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Success! Seav Heng from Cambodia raised $398 to fund syndactyly hand surgery.

Seav Heng
100%
  • $398 raised, $0 to go
$398
raised
$0
to go
Fully funded
Seav Heng's treatment was fully funded on December 23, 2020.

Photo of Seav Heng post-operation

December 24, 2020

Seav Heng underwent syndactyly hand surgery.

Seav Heng’s procedure was successful, and his wound has healed. He will have a short course of physiotherapy to ensure he has a full range of movement in his hand. Once he has fully recovered, he will have full use of all his fingers.

Seav Heng’s mother said, “I am very happy that my son’s operation was done successfully, and now he can move his fingers better. He will get to write, eat, and enjoy playing with his friends again.”

Seav Heng's procedure was successful, and his wound has healed. He will have a short course of physiotherapy to ensure he has a full range o...

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September 25, 2020

Seav Heng is a one-year-old baby boy from Cambodia with one older brother in 1st grade. His parents are rice and potato farmers. Seav Heng enjoys playing with toys with his older brother and going outside with his parents. His family traveled seven hours to reach our medical partner Children’s Surgical Centre (CSC).

Seav Heng was born with syndactyly of his right hand. This means that Seav Heng’s middle and ring fingers are fused together, making it difficult for him to use his right hand to hold objects and do other tasks.

Fortunately, on September 25th, surgeons will perform a syndactyly repair procedure to separate and release the fused digits. Our medical partner, Children’s Surgical Centre, is requesting $398 to fund this procedure. After surgery, the conjoined digits of his hand will be permanently separated and he will be able to use his hand easily.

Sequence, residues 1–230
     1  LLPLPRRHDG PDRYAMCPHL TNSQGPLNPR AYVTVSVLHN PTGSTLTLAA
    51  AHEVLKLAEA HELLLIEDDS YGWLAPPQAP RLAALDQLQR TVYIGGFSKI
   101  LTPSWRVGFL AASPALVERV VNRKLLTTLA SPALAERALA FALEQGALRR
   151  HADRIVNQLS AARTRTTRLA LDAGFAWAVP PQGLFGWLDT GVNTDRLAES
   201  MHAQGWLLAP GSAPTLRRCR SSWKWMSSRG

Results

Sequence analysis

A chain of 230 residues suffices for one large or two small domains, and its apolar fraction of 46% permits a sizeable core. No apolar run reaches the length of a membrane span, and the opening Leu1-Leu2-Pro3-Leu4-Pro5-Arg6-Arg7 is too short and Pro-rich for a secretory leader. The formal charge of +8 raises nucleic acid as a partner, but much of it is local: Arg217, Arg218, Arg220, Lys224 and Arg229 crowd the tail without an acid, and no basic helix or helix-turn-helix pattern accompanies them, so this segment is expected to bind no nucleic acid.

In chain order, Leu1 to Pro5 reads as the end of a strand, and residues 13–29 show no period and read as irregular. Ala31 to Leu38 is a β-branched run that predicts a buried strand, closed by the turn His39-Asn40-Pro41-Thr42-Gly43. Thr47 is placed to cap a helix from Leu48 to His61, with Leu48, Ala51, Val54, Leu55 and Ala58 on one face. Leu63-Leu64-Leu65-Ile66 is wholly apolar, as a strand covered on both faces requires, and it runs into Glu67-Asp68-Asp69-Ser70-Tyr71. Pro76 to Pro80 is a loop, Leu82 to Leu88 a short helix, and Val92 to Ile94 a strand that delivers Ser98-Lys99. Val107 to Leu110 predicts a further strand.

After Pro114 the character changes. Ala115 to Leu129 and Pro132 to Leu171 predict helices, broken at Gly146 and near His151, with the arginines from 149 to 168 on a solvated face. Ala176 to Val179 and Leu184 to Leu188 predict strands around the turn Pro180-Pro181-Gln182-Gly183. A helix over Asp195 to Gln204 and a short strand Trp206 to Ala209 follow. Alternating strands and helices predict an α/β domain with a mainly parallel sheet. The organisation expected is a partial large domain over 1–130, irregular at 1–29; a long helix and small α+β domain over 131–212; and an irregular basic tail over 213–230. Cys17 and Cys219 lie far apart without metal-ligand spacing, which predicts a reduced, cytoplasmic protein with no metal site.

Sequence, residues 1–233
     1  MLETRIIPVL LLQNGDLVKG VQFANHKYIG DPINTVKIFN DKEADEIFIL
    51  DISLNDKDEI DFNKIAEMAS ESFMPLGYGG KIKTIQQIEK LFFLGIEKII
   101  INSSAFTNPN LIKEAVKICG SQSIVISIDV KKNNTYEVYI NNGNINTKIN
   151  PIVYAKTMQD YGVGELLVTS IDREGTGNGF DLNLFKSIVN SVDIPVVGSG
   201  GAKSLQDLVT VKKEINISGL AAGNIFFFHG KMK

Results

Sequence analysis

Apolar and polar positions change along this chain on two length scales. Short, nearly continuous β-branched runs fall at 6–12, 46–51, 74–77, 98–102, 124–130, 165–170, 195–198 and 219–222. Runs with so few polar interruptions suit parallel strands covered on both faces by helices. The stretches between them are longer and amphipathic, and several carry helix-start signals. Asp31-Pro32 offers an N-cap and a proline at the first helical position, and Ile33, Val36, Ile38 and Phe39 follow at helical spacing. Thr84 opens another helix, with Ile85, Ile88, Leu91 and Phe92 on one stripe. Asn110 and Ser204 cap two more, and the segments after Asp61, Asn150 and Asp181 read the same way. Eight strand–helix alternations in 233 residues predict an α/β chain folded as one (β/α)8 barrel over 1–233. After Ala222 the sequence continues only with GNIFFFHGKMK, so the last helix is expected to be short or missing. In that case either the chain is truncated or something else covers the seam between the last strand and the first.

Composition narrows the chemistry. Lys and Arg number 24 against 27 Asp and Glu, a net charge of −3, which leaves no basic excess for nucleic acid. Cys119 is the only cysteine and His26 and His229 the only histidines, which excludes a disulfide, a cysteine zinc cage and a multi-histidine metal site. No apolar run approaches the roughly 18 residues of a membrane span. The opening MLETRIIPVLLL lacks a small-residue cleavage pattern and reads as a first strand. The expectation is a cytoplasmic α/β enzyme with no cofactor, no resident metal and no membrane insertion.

His mother said, “I hope he will be able to use his hand easily and one day be able to learn how to write.”

Seav Heng is a one-year-old baby boy from Cambodia with one older brother in 1st grade. His parents are rice and potato farmers. Seav Heng e...

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Seav Heng's Timeline

  • September 25, 2020
    PROFILE SUBMITTED

    Seav Heng was submitted by Sieng Heng at Children's Surgical Centre.

  • September 25, 2020
    TREATMENT OCCURRED

    Seav Heng received treatment at Kien Khleang National Rehabilitation Centre in Cambodia. Medical partners often provide care to patients accepted by Watsi before those patients are fully funded, operating under the guarantee that the cost of care will be paid for by donors.

  • September 27, 2020
    PROFILE PUBLISHED

    Seav Heng's profile was published to start raising funds.

  • December 23, 2020
    FULLY FUNDED

    Seav Heng's treatment was fully funded.

  • December 24, 2020
    TREATMENT UPDATE

    Seav Heng's treatment was successful. Read the update.

Funded by 12 donors

Funded by 12 donors

Treatment
Syndactyly Repair
  • Cost Breakdown
  • Diagnosis
  • Procedure
On average, it costs $398 for Seav Heng's treatment
Hospital Fees
$45
Medical Staff
$305
Medication
$0
Supplies
$40
Labs
$3
Radiology
$5
  • Symptoms
  • Impact on patient's life
  • Cultural or regional significance

​What kinds of symptoms do patients experience before receiving treatment?

Patients have webbed fingers or toes, or several of their digits are completely fused together.

​What is the impact on patients’ lives of living with these conditions?

Patients often have difficulty grasping objects and using their hands or feet. In addition, many patients feel uncomfortable about the appearance of the condition.

What cultural or regional factors affect the treatment of these conditions?